All must relisten to the "Habemus Papam" remix!

Listen to His Humility...

Ad multos annos, sanctissime Pater!

Saturday, April 19, 2008

What Prayer Could Be Finer?

Used by countless priests daily for at least sixteen hundred years... These days, when I desire to do so, from memory I recall these words as I watch Fr at the altar, offering up the Sacrifice: each gesture reminds me of what is being prayed, and to this I unite myself.


Te igitur, clementissime Pater, per Jesum Christum, Filium tuum, Dominum nostrum, supplices rogamus, ac petimus, uti accepta habeas, et benedicas, hæc ✠ dona, hæc ✠ munera, hæc ✠ sancta sacrificia illibata, in primis, quæ tibi offerimus pro Ecclesia tua sancta catholica: quam pacificare, custodire, adunare et regere digneris toto orbe terrarum: una cum famulo tuo Papa nostro N. et Antistite nostro N. et omnibus orthodoxis, atque catholicæ et apostolicæ fidei cultoribus.

Memento, Domine, famulorum famularumque tuarum N. et N. et omnium circumstantium, quorum tibi fides cognita est et nota devotio, pro quibus tibi offerimus: vel qui tibi offerunt hoc sacrificium laudis, pro se suisque omnibus: pro redemptione animarum suarum, pro spe salutis et incolumitatis suæ: tibique reddunt vota sua æterno Deo, vivo et vero.

Communicantes, et memoriam venerantes, in primis gloriosæ semper Virginis Mariæ, Genitricis Dei et Domini nostri Jesu Christi: sed et beati Joseph, ejusdem Virginis Sponsi, et beatorum Apostolorum ac Martyrum tuorum, Petri et Pauli, Andreæ, Jacobi, Joannis, Thomæ, Jacobi, Philippi, Bartholomæi, Matthæi, Simonis et Thaddæi: Lini, Cleti, Clementis, Xysti, Cornelii, Cypriani, Laurentii, Chrysogoni, Joannis et Pauli, Cosmæ et Damiani: et omnium Sanctorum tuorum; quorum meritis precibusque concedas, ut in omnibus protectionis tuæ muniamur auxilio. Per eumdem Christum Dominum nostrum. Amen.

Hanc igitur oblationem servitutis nostræ, sed et cunctæ familiæ tuæ, quæsumus, Domine, ut placatus accipias; diesque nostros in tua pace disponas, atque ab æterna damnatione nos eripi, et in electorum tuorum jubeas grege numerari. Per Christum Dominum nostrum. Amen.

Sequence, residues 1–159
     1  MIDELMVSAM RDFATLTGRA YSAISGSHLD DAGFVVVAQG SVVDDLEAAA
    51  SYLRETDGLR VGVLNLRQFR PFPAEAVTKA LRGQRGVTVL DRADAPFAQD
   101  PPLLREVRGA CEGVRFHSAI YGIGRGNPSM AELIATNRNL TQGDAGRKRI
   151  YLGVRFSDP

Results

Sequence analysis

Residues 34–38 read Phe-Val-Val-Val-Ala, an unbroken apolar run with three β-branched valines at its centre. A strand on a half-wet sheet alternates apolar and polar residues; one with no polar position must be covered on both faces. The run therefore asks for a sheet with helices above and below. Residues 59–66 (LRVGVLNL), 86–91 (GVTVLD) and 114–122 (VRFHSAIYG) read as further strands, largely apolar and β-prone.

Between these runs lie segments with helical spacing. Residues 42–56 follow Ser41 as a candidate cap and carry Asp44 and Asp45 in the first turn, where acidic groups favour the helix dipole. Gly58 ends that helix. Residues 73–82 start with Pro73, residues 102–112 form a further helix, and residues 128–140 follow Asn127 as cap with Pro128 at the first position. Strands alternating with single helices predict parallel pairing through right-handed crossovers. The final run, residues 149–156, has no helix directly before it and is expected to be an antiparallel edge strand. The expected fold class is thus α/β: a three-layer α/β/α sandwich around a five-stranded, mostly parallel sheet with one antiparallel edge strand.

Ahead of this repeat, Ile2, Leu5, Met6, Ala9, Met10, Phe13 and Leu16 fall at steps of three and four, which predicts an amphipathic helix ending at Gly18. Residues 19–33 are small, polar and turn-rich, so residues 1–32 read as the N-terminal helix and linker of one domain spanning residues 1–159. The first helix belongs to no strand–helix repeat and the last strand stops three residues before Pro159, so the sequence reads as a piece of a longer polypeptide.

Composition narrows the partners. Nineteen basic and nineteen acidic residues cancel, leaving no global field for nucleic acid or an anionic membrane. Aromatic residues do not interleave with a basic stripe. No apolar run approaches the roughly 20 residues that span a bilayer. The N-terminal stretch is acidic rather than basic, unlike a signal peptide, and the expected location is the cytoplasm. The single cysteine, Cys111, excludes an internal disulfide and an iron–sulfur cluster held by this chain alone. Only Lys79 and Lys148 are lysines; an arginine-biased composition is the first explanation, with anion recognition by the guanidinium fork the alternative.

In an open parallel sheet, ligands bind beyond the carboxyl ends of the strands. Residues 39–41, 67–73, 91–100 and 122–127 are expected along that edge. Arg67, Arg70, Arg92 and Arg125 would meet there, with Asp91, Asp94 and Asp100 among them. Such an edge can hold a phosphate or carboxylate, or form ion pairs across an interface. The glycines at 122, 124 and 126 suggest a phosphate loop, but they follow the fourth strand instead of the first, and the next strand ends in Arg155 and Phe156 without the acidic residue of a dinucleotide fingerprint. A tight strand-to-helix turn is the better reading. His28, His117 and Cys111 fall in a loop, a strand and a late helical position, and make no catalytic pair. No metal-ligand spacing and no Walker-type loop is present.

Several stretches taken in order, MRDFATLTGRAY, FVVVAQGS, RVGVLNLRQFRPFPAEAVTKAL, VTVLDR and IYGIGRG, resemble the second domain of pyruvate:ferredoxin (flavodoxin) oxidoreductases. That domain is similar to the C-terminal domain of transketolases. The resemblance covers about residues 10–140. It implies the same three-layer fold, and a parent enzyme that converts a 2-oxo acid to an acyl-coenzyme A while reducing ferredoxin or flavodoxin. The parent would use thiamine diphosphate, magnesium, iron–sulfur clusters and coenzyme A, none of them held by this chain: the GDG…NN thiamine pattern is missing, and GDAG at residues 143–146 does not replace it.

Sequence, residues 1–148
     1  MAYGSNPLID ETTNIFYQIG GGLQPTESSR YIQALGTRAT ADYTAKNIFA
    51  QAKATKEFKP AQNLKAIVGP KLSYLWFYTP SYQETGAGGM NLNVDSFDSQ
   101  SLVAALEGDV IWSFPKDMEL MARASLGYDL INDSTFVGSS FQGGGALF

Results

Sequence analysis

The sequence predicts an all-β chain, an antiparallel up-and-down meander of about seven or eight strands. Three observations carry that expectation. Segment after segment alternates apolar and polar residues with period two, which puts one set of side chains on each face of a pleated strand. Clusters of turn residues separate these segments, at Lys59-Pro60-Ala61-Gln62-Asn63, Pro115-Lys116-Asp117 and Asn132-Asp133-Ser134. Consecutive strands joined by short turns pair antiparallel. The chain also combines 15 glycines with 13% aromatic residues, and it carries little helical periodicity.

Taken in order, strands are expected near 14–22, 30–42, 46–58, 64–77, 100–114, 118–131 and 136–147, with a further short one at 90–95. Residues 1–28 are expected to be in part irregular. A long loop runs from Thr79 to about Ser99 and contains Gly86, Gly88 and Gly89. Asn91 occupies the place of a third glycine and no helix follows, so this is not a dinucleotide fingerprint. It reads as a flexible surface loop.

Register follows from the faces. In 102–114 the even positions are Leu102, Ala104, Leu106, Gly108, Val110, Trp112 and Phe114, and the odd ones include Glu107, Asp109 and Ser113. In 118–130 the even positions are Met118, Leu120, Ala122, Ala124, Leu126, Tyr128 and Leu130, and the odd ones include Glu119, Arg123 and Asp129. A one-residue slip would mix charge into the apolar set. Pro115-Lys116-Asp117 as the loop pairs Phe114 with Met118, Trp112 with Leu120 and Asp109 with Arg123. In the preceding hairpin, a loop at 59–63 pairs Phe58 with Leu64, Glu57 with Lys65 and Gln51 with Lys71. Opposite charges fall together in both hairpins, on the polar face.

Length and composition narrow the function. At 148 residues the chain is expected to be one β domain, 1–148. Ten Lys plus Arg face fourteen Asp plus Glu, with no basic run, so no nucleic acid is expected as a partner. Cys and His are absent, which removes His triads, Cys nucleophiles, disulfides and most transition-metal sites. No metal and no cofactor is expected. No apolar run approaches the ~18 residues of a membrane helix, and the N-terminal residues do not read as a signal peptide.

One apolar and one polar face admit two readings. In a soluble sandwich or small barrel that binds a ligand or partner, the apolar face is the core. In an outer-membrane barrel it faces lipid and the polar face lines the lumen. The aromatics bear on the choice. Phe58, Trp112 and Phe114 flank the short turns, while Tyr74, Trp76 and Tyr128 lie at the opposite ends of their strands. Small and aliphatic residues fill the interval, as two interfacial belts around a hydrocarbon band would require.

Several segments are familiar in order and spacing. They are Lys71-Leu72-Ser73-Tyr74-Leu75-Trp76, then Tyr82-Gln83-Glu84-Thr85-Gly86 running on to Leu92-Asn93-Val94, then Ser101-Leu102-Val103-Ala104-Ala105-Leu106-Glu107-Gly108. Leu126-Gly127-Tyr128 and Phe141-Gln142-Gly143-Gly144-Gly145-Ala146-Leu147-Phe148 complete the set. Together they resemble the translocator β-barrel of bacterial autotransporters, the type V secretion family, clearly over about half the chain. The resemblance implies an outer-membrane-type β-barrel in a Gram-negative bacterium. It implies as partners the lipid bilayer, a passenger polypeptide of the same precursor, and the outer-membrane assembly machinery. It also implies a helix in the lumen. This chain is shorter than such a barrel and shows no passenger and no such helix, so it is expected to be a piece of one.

Quam oblationem, tu, Deus, in omnibus quæsumus, bene✠dictam, adscrip✠tam, ra✠tam, rationabilem, acceptabilemque facere digneris; ut nobis Cor✠pus et San✠guis fiat dilectissimi Filii tui, Domini nostri Jesu Christi.

Qui pridie quam pateretur, accepit panem in sanctas ac venerabiles manus suas, et elevatis oculis in cælum ad te Deum, Patrem suum omnipotentem, tibi gratias agens, bene✠dixit, fregit, deditque discipulis suis, dicens: Accipite, et manducate ex hoc omnes.


Simili modo postquam cœnatum est, accipiens et hunc præclarum Calicem in sanctas ac venerabiles manus suas: item tibi gratias agens, bene✠dixit, deditque discipulis suis, dicens: Accipite, et bibite ex eo omnes.


Hæc quotiescumque feceritis, in mei memoriam facietis.

Unde et memores, Domine, nos servi tui, sed et plebs tua sancta, ejusdem Christi Filii tui, Domini nostri, tam beatæ passionis, necnon et ab inferis resurrectionis, sed et in cælos gloriosæ ascensionis: offerimus præclaræ majestati tuæ de tuis donis ac datis, hostiam ✠ puram, hostiam ✠ sanctam, hostiam ✠ immaculatam, Panem ✠ sanctum vitæ æternæ, et Calicem ✠ salutis perpetuæ.

Supra quæ propitio ac sereno vultu respicere digneris: et accepta habere, sicuti accepta habere dignatus es munera pueri tui justi Abel, et sacrificium Patriarchæ nostri Abrahæ: et quod tibi obtulit summus sacerdos tuus Melchisedech, sanctam sacrificium, immaculatam hostiam.

Supplices te rogamus, omnipotens Deus: jube hæc perferri per manus sancti Angeli tui in sublime altare tuum, in conspectu divinæ majestatis tuæ: ut quotquot ex hac altaris participatione sacrosanctum Filii tui Cor✠pus et San✠guinem sumpserimus, omni benedictione cælesti et gratia repleamur. Per Christum Dominum nostrum. Amen.

Memento etiam, Domine, famulorum famularumque tuarum N. et N., qui nos præcesserunt cum signo fidei, et dormiunt in somno pacis.

Ipsis, Domine, et omnibus in Christo quiescentibus, locum refrigerii, lucis et pacis, ut indulgeas, deprecamur. Per eumdem Christum Dominum nostrum. Amen.

Nobis quoque peccatoribus, famulis tuis, de multitudine miserationum tuarum sperantibus, partem aliquam et societatem donare digneris, cum tuis sanctis Apostolis et Martyribus: cum Joanne, Stephano, Matthia, Barnaba, Ignatio, Alexandro, Marcellino, Petro, Felicitate, Perpetua, Agatha, Lucia, Agnete, Cæcilia, Anastasia, et omnibus Sanctis tuis: intra quorum nos consortium, non æstimator meriti, sed veniæ, quæsumus, largitor admitte. Per Christum Dominum nostrum.

Per quem hæc omnia, Domine, semper bona creas, sancti✠ficas, vivi✠ficas, bene✠dicis, et præstas nobis.

Per ip✠sum, et cum ip✠so, et in ip✠so, est tibi Deo Patri ✠ omnipotenti, in unitate Spiritus ✠ Sancti, omnis honor et gloria, per omnia sæcula sæculorum.